Some "diet facts" are repeated so often that women can be pretty convinced that they know everything there is to know about fat, carbs and hunger. But when you peel back the platitudes and look at the research, the truth about eating healthy food—and what fills you up and what trims you down can surprise you. Find out the real truth about these common diet myths.
Only eat when you're hungry.
Researchers at the National Weight Control Registry (NWCR) report that spacing food evenly throughout the day is key to weight-loss success. People who eat healthy food at regular intervals, starting with breakfast, are better nourished, think more clearly and report fewer mood swings than those who eat erratically. Meal skippers are more prone to weight problems probably because once they do eat, they eat too much of all the wrong stuff. People who successfully maintain a healthy weight eat nutritious foods every four to five hours, regardless of whether it's a weekday, weekend or holiday.
People often think they can save calories by skipping meals, but most people more than make up for those saved calories at other times of the day. Keeping track of calories with a food journal is a great way to stay on track throughout the day.
There are no bad foods, everything in moderation.
You may have heard that there are no good foods or bad foods, only good and bad diets. But truth be told, some foods just don't stand up nutritionally speaking. For example a potato chip can't hold a candle to a baked potato. And to say there are no bad foods might be a license for some people to eat anything whenever they want.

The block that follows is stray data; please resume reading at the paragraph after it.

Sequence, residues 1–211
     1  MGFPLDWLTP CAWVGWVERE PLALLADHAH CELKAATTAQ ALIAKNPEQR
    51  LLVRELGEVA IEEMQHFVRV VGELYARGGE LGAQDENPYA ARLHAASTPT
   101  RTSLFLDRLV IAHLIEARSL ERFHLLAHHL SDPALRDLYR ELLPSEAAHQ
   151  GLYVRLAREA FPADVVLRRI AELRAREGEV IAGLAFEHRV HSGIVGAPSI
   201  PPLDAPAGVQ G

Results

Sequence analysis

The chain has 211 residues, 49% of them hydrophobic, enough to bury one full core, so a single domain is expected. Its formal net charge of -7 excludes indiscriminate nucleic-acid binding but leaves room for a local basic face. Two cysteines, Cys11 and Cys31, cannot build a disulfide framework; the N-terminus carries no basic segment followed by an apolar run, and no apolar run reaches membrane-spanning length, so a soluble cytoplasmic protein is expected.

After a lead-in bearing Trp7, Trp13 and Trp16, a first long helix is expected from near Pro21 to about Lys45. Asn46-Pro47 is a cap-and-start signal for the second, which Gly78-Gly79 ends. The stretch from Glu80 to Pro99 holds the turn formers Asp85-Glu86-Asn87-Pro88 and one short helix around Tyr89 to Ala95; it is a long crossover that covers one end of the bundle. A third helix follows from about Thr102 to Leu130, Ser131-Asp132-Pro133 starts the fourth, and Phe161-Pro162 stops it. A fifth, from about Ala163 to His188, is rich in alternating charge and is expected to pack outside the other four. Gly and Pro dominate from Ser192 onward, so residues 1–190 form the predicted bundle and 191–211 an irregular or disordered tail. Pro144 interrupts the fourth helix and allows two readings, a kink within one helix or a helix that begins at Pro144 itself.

What's more, if having cookies in the house triggers a person to binge, then that food could be a problem simply because it results in unhealthy behaviors. Not to say you can't enjoy bad foods once in a while and in reasonable portions, but focus on eating fresh healthy foods and be aware of your own trigger foods.
A low carb diet flushes calories from the body.
Many people believe the body can excrete fat fragments (called ketones) in urine while on a low carb diet, essentially flushing calories out. But a study at Virginia Polytechnic Institute and State University in Blacksburg found no correlation between urinary ketone levels and weight change in women on a low carb diet.
Cutting carbs restricts so many foods that are normally accompanied by fat, that dieters often end up slashing calories overall. The initial rapid weight loss they experience is caused by the body draining glycogen stores for energy. With each gram of glycogen used, 3 grams of water are released, with the result being almost immediate weight loss due to increased urination. After about 10 to14 days, increased urination ends and so does the rapid weight-loss phase.